Demand for biofuels across the world will lead to a huge jump in investment in the soft commodities sector, according to Baring Asset Management.
In a paper entitled ‘Feast or Famine? Latin America and the soft commodity cycle’, Nudgem Richyal, manager of the Baring Latin America fund, says the commodity sector works in very specific phases.
Richyal says: “It seems clear that the commodity cycle has finally turned. We have seen strong performance from the energy sector, and history shows that soft commodities, such as soybeans, wheat, sugar and oats, tend to be the next area to see inflows of capital in each commodity cycle.
“Secondly, against the backdrop of concern about global warming, demand for soft commodities such as biofuels has grown exponentially.
“This has created a source of demand that simply was not present to the same extent in previous cycles, and is acting as a further positive support for commodity prices.”
Richyal says the most attractive opportunities in the sector can be found in Latin America.
“There are many reasons why, although there is a time lag, soft commodities tend to follow energy in the commodity cycle,” he said.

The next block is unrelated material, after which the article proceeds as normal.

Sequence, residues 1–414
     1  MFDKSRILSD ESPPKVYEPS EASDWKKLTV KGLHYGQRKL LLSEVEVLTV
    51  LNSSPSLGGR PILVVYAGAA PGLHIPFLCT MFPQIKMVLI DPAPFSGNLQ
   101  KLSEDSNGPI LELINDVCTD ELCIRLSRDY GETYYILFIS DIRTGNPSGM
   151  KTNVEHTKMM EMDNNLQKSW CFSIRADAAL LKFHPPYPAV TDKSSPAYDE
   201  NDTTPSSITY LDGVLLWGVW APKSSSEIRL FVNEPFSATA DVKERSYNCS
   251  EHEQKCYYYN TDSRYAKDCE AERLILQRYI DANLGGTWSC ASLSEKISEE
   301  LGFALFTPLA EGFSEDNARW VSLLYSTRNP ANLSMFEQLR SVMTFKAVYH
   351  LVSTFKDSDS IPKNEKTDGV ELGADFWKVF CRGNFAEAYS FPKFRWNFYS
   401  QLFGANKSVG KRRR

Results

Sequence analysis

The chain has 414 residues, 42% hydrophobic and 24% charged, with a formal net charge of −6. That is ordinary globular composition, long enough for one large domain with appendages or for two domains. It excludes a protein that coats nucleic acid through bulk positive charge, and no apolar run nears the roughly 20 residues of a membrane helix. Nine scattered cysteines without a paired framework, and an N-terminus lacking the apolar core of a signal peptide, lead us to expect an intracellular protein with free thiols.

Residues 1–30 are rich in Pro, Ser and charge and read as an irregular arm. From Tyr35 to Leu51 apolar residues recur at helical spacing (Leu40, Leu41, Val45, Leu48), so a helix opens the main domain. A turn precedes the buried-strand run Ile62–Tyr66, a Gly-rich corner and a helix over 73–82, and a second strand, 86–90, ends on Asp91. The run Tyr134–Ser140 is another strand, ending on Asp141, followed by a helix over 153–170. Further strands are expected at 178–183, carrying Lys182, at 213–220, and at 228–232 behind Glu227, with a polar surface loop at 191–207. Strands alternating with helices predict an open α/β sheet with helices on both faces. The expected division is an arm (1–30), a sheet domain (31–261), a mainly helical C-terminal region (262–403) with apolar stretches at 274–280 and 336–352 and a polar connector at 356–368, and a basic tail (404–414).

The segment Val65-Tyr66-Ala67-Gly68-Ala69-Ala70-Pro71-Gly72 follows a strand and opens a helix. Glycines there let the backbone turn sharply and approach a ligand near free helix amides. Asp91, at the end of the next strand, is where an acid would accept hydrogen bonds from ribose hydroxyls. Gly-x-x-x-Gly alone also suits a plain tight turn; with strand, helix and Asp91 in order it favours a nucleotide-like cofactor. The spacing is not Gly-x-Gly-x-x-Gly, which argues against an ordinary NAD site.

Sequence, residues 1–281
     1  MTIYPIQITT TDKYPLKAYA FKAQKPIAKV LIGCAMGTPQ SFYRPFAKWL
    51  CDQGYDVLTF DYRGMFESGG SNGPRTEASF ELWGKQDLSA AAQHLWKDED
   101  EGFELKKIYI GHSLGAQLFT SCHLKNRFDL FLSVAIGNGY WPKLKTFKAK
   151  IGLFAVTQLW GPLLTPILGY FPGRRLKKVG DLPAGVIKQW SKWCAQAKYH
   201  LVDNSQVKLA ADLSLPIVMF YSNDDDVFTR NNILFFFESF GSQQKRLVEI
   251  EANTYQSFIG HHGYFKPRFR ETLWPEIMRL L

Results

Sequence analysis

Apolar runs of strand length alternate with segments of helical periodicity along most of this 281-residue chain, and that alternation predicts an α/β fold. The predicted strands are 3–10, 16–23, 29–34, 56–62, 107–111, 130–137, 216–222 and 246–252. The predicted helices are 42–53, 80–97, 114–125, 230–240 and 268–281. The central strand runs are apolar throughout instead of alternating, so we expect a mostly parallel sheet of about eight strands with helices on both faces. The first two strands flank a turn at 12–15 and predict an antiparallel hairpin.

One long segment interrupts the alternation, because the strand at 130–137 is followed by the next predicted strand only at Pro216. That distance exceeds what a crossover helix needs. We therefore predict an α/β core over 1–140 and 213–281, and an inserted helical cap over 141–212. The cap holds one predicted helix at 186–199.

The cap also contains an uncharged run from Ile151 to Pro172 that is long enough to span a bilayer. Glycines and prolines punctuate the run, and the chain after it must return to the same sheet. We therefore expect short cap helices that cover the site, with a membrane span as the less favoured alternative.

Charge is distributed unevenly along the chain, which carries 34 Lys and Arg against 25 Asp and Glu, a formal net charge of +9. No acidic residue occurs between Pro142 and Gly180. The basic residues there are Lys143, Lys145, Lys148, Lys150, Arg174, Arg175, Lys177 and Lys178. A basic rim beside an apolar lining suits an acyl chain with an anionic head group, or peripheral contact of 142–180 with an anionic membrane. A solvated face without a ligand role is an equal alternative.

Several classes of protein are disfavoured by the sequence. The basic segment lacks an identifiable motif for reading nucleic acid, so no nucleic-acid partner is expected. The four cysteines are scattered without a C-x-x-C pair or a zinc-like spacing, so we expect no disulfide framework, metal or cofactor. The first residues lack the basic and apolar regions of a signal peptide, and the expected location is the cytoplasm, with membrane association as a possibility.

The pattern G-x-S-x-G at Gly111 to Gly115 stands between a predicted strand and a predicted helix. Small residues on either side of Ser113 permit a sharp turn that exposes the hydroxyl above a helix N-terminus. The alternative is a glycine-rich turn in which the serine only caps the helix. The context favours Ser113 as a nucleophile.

“The most obvious one is the link between higher energy costs and higher production and transportation costs for soft commodities. As the cost of production creeps higher, producers need to increase prices.
“In addition, though, there is a new dynamic in play in the soft commodities markets: competition between people and combustion engines for the same resource.
“It is a simple process to turn sugar into ethanol, and the price of sugar has started to be determined not just by how much refined sugar people consume, but by the price of ethanol as fuel.
“The same dynamic applies to many other soft commodities. As fuel prices rise, so too the price of those soft commodities that can act as substitutes – biofuels – begins to move higher too. The region of the world with the most efficient agrarian sector is Latin America, with Brazil and Argentina in particular standing out," he continues.
Richyal also says Asia and the rest of the world will look to Latin America for soft commodities rather than seek to supply themselves.
He says this is because farm land in China, India and other parts of Asia is declining, whereas Latin America has “ample land” available.
Tim Guinness, manager of the Investec Global Energy fund, agrees the soft commodity market looks set for extra investment.
“Clearly there is going to be a big expansion of demand and production of soft commodities for biofuels,” he says.
“This is going to bring quite a number of new players into the market. Some of these are going to be building midstream plants and they are going to be interested in potentially hedging their input and output.”
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